On August 5, stocks in the United States continued on a downward trend, with most major indexes down 1%. After setting record highs, the Dow Jones and the S&P 500 have lost all the gains they had made thus far in 2014. Corporate earnings have been a mixed bag, with some heavy losses in the energy and utilities sectors, both of which stand to be hurt by turmoil in Ukraine.
Although some of the current global crises can account for some of the sustained market losses, it is clear that the more direct concern for investors and firms is how the end of direct monetary stimulus (in the form of bond and asset-backed securities purchases) will change the financial landscape.
It has been reported that an unfortunate side effect of flooding the financial system with liquidity is that prices for so many things have become quite high. Bloomberg just published a piece about the $50 Billion in cash reserves that Berkshire Hathaway is currently sitting on. The investment group, run by the iconic Warren Buffett, has been lauded for making investments based on market fundamentals especially in the wake of the 2008 financial crisis during which many institutions appeared to have ignored market realities in the pursuit of getting big bonuses and surpassing quarterly earnings expectations. As a result he and his employees have watched money pile up, as the high prices for stakes in new emerging industries such as social media and biotech, decrease the likelihood of Buffet's investors getting the stable return they have become accustomed to.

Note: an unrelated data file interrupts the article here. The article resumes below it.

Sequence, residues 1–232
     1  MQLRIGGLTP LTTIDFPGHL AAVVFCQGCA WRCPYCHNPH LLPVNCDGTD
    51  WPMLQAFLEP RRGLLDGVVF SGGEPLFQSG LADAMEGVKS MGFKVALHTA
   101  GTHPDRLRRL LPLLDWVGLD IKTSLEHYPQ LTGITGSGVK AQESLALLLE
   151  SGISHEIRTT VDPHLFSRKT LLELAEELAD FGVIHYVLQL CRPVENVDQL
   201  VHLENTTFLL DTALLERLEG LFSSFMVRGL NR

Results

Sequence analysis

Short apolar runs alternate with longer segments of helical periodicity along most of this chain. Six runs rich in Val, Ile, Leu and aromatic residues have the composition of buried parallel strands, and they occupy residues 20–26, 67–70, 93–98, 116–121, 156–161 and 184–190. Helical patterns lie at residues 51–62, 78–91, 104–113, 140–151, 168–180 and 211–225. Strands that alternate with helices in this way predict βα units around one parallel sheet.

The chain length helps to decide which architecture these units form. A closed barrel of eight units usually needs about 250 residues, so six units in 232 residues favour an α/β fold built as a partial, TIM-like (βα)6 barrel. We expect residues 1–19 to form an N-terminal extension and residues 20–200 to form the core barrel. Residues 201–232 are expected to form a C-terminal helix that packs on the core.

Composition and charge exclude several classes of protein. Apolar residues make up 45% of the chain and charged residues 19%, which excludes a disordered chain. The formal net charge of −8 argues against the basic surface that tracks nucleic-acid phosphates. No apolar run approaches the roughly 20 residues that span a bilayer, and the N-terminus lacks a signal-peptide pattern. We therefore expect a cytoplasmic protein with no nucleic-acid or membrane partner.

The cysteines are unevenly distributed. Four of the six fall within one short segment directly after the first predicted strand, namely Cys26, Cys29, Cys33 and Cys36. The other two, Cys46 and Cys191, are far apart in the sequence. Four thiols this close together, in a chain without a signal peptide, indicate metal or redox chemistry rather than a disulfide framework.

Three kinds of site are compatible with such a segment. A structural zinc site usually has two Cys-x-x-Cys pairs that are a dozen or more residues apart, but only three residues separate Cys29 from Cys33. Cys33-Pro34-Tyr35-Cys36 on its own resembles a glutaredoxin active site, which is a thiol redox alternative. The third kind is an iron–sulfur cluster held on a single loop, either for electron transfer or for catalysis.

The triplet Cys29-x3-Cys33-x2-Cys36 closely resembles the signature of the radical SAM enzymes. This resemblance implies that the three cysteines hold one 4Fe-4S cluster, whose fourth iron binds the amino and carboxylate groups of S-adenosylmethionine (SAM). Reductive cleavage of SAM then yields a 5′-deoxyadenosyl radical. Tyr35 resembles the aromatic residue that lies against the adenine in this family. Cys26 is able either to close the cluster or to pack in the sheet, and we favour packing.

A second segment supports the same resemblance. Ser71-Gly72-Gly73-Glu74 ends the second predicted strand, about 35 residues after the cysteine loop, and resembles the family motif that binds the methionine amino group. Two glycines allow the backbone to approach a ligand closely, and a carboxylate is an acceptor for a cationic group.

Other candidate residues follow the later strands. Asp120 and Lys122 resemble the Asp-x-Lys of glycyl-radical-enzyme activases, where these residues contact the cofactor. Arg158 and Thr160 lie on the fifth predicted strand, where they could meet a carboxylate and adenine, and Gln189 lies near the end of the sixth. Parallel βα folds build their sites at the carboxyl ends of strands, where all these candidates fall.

As a result of loose monetary policy and low interest rates, investors have had to rely on increasingly risky investments in order to get a return of 4%. This explains why Berkshire Hathaway feels like it is smarter to hold on to the money than to spend it on overvalued assets, why social media brands like Facebook and Twitter, continue to be illogically overvalued, and why a nation as financially troubled as Greece is able to sell 10 year treasury notes at a 6% interest rate.
In this context we must not view this market dip as a negative event, but rather a desperately needed adjustment that will begin to return equities to a more reasonable price range based on market forces. The Federal Reserve will try to make the landing soft, but if the last financial panic taught us anything, it's that prices can not go up forever. Prices can only go as high as demand, income, and utility will allow, and corrections like these are better in the long-term than the alternative, which is wild growth followed by devastating collapse.